B.C. has the longest wait times for walk-in clinics compared to other provinces, new data finds
Residents of British Columbia wait an average of 58 minutes to see a doctor at a walk-in clinic, according to a Canadian tech company that publishes wait times for walk-in clinics across the country.
Medimap says that's the longest of any province, and more than double the national average of 25 minutes.
Six of the top 10 cities with the longest average wait times in Canada were in B.C. last year, with Victoria having the longest average wait time at more than two-and-a-half hours, the company said.
Founder and CEO Blake Adam said they anticipated finding a drop in wait times from 2019 to 2021 as fewer people visited clinics during the pandemic and virtual calls became more common.
"That is what we saw in every other province, we saw wait times drop across the board," he said. "In B.C. that wasn't the case. We saw wait times go up from 2019 to 2021 by about 35 per cent."
While the data does not include all provinces, and human error by clinic staff is possible when it comes to inputting wait times, the company says the numbers back what British Columbians have been voicing.
Dr. Renee Fernandez, executive director of B.C. Family Doctors, says about a million British Columbians are without a family doctor, resulting in delayed screening, visits and in many cases, long waits.
Among the changes needed, she says, is a review of provincial fees paid to family doctors, which have not kept pace with the operating costs.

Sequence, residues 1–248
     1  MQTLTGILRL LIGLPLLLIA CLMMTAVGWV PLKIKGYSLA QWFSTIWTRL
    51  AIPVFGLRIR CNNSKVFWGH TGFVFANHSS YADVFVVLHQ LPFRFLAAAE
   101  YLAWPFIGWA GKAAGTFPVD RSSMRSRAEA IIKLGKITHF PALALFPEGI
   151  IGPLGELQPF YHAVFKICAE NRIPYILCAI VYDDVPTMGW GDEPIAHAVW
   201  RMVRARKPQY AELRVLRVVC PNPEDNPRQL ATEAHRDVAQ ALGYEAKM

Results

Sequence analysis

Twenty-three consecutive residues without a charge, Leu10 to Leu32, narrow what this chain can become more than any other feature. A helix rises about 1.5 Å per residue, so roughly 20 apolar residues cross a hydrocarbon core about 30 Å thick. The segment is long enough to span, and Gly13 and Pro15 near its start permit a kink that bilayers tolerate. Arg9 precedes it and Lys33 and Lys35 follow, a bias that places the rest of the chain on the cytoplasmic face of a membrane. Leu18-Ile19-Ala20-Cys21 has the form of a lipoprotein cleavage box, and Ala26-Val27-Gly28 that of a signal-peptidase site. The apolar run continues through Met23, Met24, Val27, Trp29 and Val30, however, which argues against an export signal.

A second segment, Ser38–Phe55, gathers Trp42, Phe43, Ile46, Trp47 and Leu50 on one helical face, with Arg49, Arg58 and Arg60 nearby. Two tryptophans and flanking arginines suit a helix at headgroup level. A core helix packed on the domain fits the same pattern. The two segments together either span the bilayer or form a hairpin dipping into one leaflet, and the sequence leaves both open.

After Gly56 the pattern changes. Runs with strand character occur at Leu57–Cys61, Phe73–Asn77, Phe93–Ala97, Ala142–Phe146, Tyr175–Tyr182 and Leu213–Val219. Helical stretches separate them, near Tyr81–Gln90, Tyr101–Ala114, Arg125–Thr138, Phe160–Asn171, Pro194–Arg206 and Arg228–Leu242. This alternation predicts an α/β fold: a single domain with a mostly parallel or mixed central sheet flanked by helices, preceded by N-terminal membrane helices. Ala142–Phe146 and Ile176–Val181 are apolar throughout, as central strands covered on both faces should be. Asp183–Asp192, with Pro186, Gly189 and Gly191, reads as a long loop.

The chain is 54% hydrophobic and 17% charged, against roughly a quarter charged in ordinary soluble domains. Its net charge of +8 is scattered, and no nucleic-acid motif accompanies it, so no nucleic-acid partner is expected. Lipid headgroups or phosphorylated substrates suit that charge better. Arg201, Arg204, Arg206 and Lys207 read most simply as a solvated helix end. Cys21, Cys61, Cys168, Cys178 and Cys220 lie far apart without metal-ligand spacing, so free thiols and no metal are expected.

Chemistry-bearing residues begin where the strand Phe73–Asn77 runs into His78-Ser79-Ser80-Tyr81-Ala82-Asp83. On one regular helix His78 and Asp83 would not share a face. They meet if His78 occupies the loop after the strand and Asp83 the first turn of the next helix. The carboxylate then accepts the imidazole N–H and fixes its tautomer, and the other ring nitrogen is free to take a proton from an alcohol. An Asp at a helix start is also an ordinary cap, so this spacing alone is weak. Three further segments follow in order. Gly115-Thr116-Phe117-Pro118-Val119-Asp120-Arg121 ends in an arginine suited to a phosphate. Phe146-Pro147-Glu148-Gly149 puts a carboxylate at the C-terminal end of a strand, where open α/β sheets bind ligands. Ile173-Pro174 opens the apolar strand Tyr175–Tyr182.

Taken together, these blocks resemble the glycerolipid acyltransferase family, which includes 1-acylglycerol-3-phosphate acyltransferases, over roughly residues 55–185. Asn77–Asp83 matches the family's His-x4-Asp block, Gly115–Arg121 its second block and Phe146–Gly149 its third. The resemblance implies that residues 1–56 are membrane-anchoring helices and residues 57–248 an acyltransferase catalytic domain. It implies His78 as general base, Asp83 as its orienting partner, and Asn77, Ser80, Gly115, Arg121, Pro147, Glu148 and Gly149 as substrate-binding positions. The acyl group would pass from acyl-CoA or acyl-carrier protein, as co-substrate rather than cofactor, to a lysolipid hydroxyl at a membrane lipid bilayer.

"If the pandemic has taught most of us anything it's that we can only rely on altruism to provide health care to a certain degree," Fernandez said.
"At some point the people working in the system begin to crumble and fail. Unfortunately, we're at that point in family medicine and health care at large."
B.C. Health Minister Adrian Dix said there has yet to be a proper assessment of the numbers released by Medimap, a company that he said is "interested in promoting its product."
He pointed to the government's ongoing efforts to build a strong health-care system, including the opening of 28 urgent and primary care centres with more than a million patient visits.
"It's hard to imagine how we could have responded to the pandemic in the way we did without having opened those urgent and primary care centres," he said.
Fernandez says without urgent action she fears the number of doctors will continue to drop and the wait times will continue to rise.
"The great resignation that we've seen in other professions, well, it's here now," she said.